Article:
The Participation of Women in Farm Management in the Development of Sustainable Food Safety: Case Studies in Switzerland and Austria

Monday, July 14, 2014: 5:42 PM
Room: Booth 61
Oral Presentation
Yukiko OTOMO , Jumonji University, Niiza, Saitama, Japan
Hitomi NAKAMICHI , Faculty of Agriculture, Ehime University, Matsuyama, Ehime, Japan
Ruth ROSSIER , Forschungsanstalt Agroscope Reckenholz, Ettenhausen, Switzerland
Theresia OEDL-WIESER , Inst Less Favoured & Mountainous Areas, Vienna, Austria
Family-managed farms form the heart of Asian and European agriculture and are essential for the stable supply of safe food. In Japan women are deeply connected with food safety and consumption activities (Nakamichi, 2010). In Switzerland and Austria, women’s participation in farm management is also related to food safety. This paper examines specialized education for Swiss and Austrian women that encourages participation in farm management, which is in turn related to food safety.

In alpine Switzerland and Austria, Direct Payments support helps to maintain small-scale family farm management, and in particular, organic farming receives higher supports.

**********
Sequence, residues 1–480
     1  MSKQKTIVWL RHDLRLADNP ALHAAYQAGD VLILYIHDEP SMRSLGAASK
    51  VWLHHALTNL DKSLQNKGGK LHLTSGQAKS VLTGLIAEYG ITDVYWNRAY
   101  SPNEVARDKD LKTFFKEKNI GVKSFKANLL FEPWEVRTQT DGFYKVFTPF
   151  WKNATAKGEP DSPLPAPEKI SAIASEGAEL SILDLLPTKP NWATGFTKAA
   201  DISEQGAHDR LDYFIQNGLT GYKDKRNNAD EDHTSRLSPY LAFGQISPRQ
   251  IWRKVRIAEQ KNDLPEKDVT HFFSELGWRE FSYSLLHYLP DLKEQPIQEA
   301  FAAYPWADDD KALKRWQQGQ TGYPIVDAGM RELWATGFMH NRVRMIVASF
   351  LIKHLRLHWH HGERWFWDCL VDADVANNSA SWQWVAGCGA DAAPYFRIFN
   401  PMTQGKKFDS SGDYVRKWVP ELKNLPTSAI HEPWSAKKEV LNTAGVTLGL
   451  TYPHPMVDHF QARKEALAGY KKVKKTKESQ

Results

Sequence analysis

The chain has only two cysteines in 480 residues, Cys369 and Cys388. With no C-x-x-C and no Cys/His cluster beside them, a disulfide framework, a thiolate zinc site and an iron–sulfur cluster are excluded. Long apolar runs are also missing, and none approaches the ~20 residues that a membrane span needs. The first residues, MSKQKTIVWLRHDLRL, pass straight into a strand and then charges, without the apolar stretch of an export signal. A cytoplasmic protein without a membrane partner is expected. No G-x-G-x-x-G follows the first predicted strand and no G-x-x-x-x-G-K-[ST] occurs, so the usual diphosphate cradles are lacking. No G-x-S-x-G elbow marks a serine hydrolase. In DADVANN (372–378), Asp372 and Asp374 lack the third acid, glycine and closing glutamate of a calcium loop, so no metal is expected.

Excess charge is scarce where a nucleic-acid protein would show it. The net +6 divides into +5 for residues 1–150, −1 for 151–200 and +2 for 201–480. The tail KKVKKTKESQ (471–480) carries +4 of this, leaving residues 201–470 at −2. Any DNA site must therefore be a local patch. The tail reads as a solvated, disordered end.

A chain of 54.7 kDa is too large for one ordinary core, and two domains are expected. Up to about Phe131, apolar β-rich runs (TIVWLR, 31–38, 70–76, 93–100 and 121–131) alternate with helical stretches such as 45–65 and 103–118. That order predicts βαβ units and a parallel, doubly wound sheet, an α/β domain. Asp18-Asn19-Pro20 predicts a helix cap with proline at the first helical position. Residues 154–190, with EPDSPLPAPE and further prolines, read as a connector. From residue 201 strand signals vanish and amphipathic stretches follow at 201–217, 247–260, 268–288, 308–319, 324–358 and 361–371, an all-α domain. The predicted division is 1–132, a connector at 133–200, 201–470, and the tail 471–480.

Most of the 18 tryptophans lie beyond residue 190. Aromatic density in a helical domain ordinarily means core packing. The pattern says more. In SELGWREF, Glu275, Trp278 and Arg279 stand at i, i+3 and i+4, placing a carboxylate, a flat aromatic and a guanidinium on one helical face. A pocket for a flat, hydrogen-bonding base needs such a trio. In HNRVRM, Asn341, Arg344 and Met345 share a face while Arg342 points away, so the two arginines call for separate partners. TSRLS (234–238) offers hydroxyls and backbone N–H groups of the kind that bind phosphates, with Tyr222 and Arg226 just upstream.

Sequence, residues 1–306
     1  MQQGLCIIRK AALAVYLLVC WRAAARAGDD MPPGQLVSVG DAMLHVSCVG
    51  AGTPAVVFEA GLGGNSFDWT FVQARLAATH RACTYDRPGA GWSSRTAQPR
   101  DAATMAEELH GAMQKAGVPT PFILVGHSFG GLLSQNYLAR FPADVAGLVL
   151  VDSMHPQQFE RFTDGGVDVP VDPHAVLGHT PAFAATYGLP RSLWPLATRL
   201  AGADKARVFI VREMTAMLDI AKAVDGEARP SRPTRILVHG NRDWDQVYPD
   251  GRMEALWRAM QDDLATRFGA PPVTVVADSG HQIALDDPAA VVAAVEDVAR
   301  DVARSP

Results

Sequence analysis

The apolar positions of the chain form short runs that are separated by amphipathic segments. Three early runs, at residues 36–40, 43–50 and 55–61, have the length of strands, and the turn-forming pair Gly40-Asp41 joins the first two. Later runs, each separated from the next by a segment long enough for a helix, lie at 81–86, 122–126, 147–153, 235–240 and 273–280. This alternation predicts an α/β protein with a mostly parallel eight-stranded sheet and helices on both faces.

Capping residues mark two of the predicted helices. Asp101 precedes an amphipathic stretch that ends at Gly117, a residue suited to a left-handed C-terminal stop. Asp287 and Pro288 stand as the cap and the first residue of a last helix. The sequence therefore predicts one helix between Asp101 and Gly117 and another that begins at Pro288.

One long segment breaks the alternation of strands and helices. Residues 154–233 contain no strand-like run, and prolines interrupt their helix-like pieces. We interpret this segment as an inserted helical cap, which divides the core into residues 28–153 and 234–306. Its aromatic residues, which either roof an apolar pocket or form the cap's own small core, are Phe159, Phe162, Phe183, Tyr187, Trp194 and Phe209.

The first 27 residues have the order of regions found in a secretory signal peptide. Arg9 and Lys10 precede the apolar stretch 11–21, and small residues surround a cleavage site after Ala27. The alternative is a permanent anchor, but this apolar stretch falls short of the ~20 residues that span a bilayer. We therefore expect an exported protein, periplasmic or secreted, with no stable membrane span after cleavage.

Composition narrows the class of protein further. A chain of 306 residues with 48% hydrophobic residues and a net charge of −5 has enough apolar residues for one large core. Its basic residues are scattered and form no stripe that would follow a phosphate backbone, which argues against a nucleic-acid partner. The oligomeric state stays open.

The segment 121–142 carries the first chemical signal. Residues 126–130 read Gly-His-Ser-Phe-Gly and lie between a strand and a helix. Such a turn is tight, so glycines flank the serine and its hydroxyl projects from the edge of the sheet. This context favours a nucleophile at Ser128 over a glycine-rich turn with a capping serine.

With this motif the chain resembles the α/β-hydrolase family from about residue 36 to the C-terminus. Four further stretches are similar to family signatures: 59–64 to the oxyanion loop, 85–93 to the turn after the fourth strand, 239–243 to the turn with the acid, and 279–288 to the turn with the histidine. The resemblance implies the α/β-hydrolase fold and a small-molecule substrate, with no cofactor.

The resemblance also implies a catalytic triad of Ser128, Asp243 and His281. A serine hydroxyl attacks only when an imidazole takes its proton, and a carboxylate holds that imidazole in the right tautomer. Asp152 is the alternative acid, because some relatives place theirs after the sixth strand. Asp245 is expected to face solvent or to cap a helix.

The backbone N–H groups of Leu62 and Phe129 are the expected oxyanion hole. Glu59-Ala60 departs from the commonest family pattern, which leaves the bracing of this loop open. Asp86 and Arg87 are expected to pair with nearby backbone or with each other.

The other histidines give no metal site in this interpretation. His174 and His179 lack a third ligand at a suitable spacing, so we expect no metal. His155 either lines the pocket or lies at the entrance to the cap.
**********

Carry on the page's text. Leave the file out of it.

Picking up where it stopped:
Austria has the highest percentage of organic farming (16.5%) among EU Member States, and in a semi-mountainous area of small-scale management, it is especially high. Direct Payments support is higher than the EU average, resulting from the unique Environmental Agriculture Policy (ÖPUL). In addition, women comprise 36% (2012) of farm managers, a high percentage within the EU.

Organic farming is carried out especially in mountainous regions of Switzerland, and farm incomes receive a high degree of direct support. In a semi-mountainous area of small-scale management, organic farming holds the highest percentage. Over 11% (2011) of farm households in Switzerland are organic, and among women managers, the figure shows higher.

Examples from Switzerland and Austria indicate that women play a large role in the stable supply and safety of food, but both countries traditionally favor sons for farm succession. Women are rarely trained as successors and usually enter farming by marrying farm successors, however both countries have well-established systems of vocational training for female successors. Some women trained in home economics have achieved Meister status as farm managers. Reforms in vocational education are encouraging more women farm successors, and the number of young women receiving specialized agricultural qualifications is increasing.